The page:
Father Samedy, who we interviewed today as well, has been completely gracious and the hospitality is amazing. We are getting a wonderful varied experience in Haitian cuisine – Plantains, snapper, sour sod, some awesome banana like drink, and so much more. There are 3 sit down meals a day with all of us and it feels like a sense of community and family when we eat. The truth is I do not have 3 meals a day back home, and definitely not sitting down for valued conversations, unless it is some kind of meeting or work/counseling related. This was kind of nice, and reminded me of my early childhood – another deep feeling of how I take different aspects of my life for granted. Breakfast and lunch here are very heavy. It is not a shock for pasta to be on the breakfast table. Dinner is very light, but to be honest by the time it comes to dinner I am still full from breakfast and lunch because there is so much food. I am enjoying trying their way of cooking. We are being well taken care of at St. Francis of Xavier, and I wonder if I could even consider this “roughing it.” There are not the amenities we have like hot water, water pressure, and electricity, but its kind of nice. Patricia at From Here to Haiti said that we are lucky for this and that our next stop will have a much different cultural feel to it, and possibly closer to what we originally thought we would experience. She explained that you never really know what accommodations you are going to get on these trips, but the fact that there is always somebody there to put you up is nice. This is all ok though as I am prepared for anything and it just doesn’t matter. I am here to learn and I am open for the full experience, no matter how rough it is. The impact so far is amazing to me so I am just trying to be present in the moment. Tonight at dinner, Dafna did the grace prayer in Hebrew and we ended the meal with a prayer in Creole. I love the fact that we are in a Catholic building and they are respecting other cultures and opening arms to the other nationalities and religions we brought on our trip with us. There is a beautiful ongoing lesson here in acceptance.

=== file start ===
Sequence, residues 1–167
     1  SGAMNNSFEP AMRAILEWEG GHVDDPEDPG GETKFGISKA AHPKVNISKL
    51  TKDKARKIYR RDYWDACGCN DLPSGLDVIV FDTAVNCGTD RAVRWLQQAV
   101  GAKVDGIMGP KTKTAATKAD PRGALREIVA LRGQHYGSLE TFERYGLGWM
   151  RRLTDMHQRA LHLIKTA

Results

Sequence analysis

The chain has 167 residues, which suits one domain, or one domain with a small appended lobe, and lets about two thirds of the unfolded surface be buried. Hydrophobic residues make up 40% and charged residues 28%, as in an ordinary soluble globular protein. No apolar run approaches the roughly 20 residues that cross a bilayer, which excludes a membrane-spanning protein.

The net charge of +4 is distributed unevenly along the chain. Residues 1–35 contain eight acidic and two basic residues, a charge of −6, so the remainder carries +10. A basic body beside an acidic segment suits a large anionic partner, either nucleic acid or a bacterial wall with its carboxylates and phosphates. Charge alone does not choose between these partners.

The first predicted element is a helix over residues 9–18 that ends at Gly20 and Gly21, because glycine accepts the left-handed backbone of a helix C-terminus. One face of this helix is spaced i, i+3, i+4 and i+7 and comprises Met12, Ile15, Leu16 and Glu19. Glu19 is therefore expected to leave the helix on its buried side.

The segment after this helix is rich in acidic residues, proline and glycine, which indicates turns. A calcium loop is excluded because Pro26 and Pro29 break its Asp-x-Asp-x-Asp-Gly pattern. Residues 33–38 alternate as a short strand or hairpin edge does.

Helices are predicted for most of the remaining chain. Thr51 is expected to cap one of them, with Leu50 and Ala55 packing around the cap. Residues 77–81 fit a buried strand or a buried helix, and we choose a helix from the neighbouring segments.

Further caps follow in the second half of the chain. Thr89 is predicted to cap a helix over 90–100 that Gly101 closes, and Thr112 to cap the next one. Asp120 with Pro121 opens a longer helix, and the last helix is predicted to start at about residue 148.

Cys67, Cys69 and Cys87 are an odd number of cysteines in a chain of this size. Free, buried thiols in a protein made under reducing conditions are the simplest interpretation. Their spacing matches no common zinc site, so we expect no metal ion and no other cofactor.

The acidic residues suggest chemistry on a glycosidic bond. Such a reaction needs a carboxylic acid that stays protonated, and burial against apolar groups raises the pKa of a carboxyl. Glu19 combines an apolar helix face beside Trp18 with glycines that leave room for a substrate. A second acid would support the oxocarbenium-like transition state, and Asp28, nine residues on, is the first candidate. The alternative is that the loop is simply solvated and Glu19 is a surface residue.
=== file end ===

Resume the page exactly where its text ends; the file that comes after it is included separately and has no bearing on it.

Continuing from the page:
After dinner, out of nowhere, Canaval – a Haiti wide celebration that I believe marks the beginning of the Lent season – is celebrated in many ways. A marching band came through this “one horse town” (literally) dancing and celebrating. I got out on the street and danced with them – which was obviously a very funny site that is unfortunately on video. It is one of the things I love about Haiti. It seems to me that people just break into song or dance on cue and out of the blue. You never know when some cultural outburst or celebration is going to happen. My attempt to dance was an effort to join in this feeling of being free – a celebration of life no matter what obstacles lie in your path. I feel like I am in a musical sometimes. There is something truly beautiful about this piece of their culture. It happened at church after the service was over with the kids. It was in the airport, and now tonight. I cannot help but get this warm feeling inside when it happens.
As this night comes to a close, Kishner and I, who are staying in the “male” room of the rectory, are dumping footage onto the external hard drive we brought with us. We have over 300GB of footage already and it is only day 3. I am exhausted but totally engaged in this miraculous experience, but I would be lying if I did not admit that there is a piece of me that is yearning some Starbucks and a nice cup of tea. I am definitely detoxing the caffeine, as my headache is bad, but that is fine. A good detox is needed in my system. We live like kings though. We should never complain again. We do not know what we truly have… and I feel like people here do know what they have and more. When you have almost nothing – what is left – – our spirits and our souls – and maybe that is where the problem lies. Maybe we just need our spirits and our souls — and the “rat race” is not necessary. Maybe if we get back to basics, within ourselves, we will find the celebration that is life. So much less, can be so much more. Interesting thought to lay my head down to.